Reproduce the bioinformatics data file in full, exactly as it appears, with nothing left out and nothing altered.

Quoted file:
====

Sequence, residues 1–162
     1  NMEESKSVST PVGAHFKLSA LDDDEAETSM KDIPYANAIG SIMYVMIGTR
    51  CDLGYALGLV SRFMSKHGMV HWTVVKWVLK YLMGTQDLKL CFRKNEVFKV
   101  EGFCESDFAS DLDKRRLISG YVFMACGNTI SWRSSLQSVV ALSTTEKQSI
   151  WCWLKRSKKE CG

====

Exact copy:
Sequence, residues 1–162
     1  NMEESKSVST PVGAHFKLSA LDDDEAETSM KDIPYANAIG SIMYVMIGTR
    51  CDLGYALGLV SRFMSKHGMV HWTVVKWVLK YLMGTQDLKL CFRKNEVFKV
   101  EGFCESDFAS DLDKRRLISG YVFMACGNTI SWRSSLQSVV ALSTTEKQSI
   151  WCWLKRSKKE CG